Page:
My dad was a DJ growing up, so I think that’s where my love for music comes from.
I think music hits you in your soul – you can be so honest and truthful in music in ways you can’t through just speaking with somebody.
L&S: Sasha Clayton sounds like a lot of young adult women – was it easy to create the character and bring her to life?
NL: In a way. I guess I felt that she was a person I encounter.
I didn’t see that character out there who was nuanced. I think if you’re quite a loud, bolshy woman, then people are like, oh, you’re a bit of a yob. But Sasha is still really feminine and really girly.
She’s so many things, but people like to paint those types of women as very two-dimensional.
On one hand, she can be pretty outrageous and fairly nasty, actually, but then she also has this vulnerable side.
L&S: The play is a co-production between the Royal Court Theatre and Talawa Theatre Company. How important are collaborations and partnerships of this ilk?
NL: They were hugely instrumental, they co-produced it and really championed my work.
The minute they read it, they called me in and have been really supportive throughout the experience.
I’m a working class girl from east London and I don’t have anybody in my family who does it, so you need guidance.
You also need people who are going to put on your work and fund it.
It’s all well and good paying lip service, someone can advise you to do something, but will they actually put money into your project?
If Talawa hadn’t co-produced it, I don’t know how it would have got on.
IN CHARACTER: Nicôle Lecky on stage in Superhoe
L&S: Talk a little about the experience of working with director Jade Lewis?
NL: I love her, basically. I’m really on the front foot and Jade is a bit more on the back foot, so I think it was a really brilliant marriage.
I said from the jump that I wanted a black or mixed-race working class woman to direct it. That was my remit and it was hard to find one – there aren’t many out there.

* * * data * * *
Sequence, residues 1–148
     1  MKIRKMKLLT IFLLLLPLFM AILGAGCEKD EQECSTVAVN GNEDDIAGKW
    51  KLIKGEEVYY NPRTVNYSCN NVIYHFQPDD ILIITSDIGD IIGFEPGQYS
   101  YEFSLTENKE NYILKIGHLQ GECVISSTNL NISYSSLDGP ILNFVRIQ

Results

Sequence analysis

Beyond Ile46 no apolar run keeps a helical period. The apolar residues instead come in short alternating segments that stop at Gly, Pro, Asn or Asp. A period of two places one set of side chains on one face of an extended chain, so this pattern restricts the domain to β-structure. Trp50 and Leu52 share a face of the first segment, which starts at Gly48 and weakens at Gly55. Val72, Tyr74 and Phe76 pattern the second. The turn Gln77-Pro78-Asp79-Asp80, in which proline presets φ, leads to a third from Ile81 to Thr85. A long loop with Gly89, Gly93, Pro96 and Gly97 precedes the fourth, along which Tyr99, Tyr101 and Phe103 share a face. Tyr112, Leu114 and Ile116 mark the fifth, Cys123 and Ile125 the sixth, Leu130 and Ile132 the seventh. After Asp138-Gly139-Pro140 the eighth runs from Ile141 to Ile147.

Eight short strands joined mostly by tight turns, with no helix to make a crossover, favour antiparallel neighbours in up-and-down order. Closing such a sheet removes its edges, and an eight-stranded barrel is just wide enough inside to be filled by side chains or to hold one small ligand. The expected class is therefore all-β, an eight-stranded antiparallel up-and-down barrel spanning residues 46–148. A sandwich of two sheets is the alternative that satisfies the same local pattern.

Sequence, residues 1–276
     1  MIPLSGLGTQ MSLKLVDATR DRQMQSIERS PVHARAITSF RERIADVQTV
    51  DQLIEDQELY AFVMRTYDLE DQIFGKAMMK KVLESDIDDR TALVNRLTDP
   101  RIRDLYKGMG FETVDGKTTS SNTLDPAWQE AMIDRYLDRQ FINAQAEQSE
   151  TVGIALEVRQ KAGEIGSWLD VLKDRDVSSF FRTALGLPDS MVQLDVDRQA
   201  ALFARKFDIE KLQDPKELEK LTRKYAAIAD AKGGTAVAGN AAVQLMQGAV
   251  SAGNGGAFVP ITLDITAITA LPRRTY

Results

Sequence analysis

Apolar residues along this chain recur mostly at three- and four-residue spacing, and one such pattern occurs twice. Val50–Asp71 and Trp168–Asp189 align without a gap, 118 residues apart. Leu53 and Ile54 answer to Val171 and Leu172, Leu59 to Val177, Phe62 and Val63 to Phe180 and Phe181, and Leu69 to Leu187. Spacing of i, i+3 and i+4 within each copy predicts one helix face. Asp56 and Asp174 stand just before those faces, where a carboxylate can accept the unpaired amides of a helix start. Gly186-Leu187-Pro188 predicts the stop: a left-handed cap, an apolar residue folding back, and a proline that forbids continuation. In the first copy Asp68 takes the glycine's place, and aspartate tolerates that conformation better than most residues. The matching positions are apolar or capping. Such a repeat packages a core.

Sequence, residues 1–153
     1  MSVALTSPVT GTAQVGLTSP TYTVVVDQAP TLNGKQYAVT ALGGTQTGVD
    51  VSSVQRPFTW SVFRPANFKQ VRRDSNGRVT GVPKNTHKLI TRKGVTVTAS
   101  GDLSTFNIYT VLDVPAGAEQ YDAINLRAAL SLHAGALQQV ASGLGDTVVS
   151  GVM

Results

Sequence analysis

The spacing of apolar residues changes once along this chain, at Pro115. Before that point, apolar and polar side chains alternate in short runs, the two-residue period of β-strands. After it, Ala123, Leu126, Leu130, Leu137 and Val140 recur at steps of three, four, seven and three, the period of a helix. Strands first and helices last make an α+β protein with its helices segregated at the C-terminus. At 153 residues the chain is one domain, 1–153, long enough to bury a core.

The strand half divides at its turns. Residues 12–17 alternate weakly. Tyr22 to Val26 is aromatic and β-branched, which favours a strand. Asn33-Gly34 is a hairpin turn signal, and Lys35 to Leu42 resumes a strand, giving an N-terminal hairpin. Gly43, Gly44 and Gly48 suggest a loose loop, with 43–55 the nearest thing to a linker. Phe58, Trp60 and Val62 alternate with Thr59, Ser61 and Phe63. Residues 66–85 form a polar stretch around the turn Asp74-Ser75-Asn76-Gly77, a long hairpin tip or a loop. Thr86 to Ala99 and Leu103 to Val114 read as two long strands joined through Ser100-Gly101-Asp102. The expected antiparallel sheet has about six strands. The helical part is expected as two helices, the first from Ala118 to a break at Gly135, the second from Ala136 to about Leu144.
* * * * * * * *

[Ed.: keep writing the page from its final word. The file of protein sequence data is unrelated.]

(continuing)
Also, the ones that were out there and good enough were already working. As soon as she read it, Jade was on it, she loved it. Jade has also got her own passion for music, which I think was perfect for Superhoe.
L&S: Brighton Festival is the largest and most established annual curated multi-arts festival in England – did you ever envisage your work being exposed on platforms like this?
NL: You don’t – you have a hope, but I guess I was more surprised by the amount of different people who drew something from the story.
I knew that the play deals with different issues, but I have been surprised by the variety of people that think it’s an important story, so I think it will be really exciting to go down to Brighton and see what that response is. I’m also looking forward to seeing the other work on show at the festival.
Superhoe, written by Nicole Lecky, is on at the Attenborough Centre for the Creative Arts, University of Sussex, Brighton, BN1 9RH. Performances are on Sunday, May 19 at 4.30pm and 8pm, Monday, May 20 and Tuesday, May 21 at 8pm. Tickets are £15 (under-26s go for £12.50) from brightonfestival. org. Age 14+. Duration 90 mins approx. sit brightonfestival.org